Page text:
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Cannabis use and other predictors of the onset of daily cigarette use in young men: what matters most? Results from a longitudinal study


Becker, Julia; Schaub, Michael P; Gmel, Gerhard; Haug, Severin (2015). Cannabis use and other predictors of the onset of daily cigarette use in young men: what matters most? Results from a longitudinal study. BMC Public Health, 15(843):online.

Abstract

BACKGROUND: According to the gateway hypothesis, tobacco use is a gateway of cannabis use. However, there is increasing evidence that cannabis use also predicts the progression of tobacco use (reverse gateway hypothesis). Unfortunately, the importance of cannabis use compared to other predictors of tobacco use is less clear. The aim of this study was to examine which variables, in addition to cannabis use, best predict the onset of daily cigarette smoking in young men.
METHODS: A total of 5,590 young Swiss men (mean age = 19.4 years, SD = 1.2) provided data on their substance use, socio-demographic background, religion, health, social context, and personality at baseline and after 18 months. We modelled the predictors of progression to daily cigarette smoking using logistic regression analyses (n = 4,230).
RESULTS: In the multivariate overall model, use of cannabis remained among the strongest predictors for the onset of daily cigarette use. Daily cigarette use was also predicted by a lifetime use of at least 50 cigarettes, occasional cigarette use, educational level, religious affiliation, parental situation, peers with psychiatric problems, and sociability.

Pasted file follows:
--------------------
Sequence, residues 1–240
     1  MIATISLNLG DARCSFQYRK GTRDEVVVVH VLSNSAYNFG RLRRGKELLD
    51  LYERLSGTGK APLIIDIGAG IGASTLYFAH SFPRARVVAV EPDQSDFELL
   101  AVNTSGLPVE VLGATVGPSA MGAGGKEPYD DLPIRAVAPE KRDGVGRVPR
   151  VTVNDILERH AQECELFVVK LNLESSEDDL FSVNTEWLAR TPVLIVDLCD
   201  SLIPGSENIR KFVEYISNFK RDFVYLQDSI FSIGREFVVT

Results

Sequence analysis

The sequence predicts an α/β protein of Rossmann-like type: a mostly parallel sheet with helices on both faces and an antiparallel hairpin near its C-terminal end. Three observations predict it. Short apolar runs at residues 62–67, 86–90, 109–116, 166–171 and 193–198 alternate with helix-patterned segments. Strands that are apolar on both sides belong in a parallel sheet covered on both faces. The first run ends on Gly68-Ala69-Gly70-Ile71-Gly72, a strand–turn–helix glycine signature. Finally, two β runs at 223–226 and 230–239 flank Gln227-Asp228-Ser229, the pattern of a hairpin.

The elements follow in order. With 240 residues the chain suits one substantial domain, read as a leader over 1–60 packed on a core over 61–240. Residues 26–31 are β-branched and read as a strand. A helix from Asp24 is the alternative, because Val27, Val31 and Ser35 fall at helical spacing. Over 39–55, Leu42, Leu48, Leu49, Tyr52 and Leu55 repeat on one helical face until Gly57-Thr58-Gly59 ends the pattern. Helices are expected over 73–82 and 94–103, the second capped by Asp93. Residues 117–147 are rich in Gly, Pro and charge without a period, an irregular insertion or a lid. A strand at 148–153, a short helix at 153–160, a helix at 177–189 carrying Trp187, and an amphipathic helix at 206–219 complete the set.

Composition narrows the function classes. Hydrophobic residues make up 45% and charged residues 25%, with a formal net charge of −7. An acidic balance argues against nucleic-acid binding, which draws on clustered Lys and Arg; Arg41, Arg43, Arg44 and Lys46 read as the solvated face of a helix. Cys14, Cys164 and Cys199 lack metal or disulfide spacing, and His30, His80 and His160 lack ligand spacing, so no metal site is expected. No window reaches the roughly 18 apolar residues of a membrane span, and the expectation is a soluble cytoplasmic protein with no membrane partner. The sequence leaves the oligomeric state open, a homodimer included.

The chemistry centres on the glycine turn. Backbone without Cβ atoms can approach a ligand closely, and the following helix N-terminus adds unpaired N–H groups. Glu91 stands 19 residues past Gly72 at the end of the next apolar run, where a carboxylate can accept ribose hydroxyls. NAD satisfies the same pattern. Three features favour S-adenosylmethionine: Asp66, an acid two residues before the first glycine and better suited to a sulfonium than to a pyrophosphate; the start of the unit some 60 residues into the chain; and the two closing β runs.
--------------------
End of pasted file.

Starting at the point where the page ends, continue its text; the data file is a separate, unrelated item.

CONCLUSIONS: Our results highlight the relevance of cannabis use compared to other potential predictors of the progression of tobacco use and thereby support the reverse gateway hypothesis.

Abstract

BACKGROUND: According to the gateway hypothesis, tobacco use is a gateway of cannabis use. However, there is increasing evidence that cannabis use also predicts the progression of tobacco use (reverse gateway hypothesis). Unfortunately, the importance of cannabis use compared to other predictors of tobacco use is less clear. The aim of this study was to examine which variables, in addition to cannabis use, best predict the onset of daily cigarette smoking in young men.
METHODS: A total of 5,590 young Swiss men (mean age = 19.4 years, SD = 1.2) provided data on their substance use, socio-demographic background, religion, health, social context, and personality at baseline and after 18 months. We modelled the predictors of progression to daily cigarette smoking using logistic regression analyses (n = 4,230).
RESULTS: In the multivariate overall model, use of cannabis remained among the strongest predictors for the onset of daily cigarette use. Daily cigarette use was also predicted by a lifetime use of at least 50 cigarettes, occasional cigarette use, educational level, religious affiliation, parental situation, peers with psychiatric problems, and sociability.
CONCLUSIONS: Our results highlight the relevance of cannabis use compared to other potential predictors of the progression of tobacco use and thereby support the reverse gateway hypothesis.

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Additional indexing

Item Type:Journal Article, refereed, original work
Communities & Collections:04 Faculty of Medicine > Swiss Research Institute for Public Health and Addiction
Dewey Decimal Classification:610 Medicine & health
Language:English
Date:2015
Deposited On:17 Nov 2015 09:48
Last Modified:14 Feb 2018 09:43
Publisher:BioMed Central
ISSN:1471-2458
OA Status:Gold
Free access at:PubMed ID. An embargo period may apply.
Publisher DOI:https://doi.org/10.1186/s12889-015-2194-3
PubMed ID:26330150

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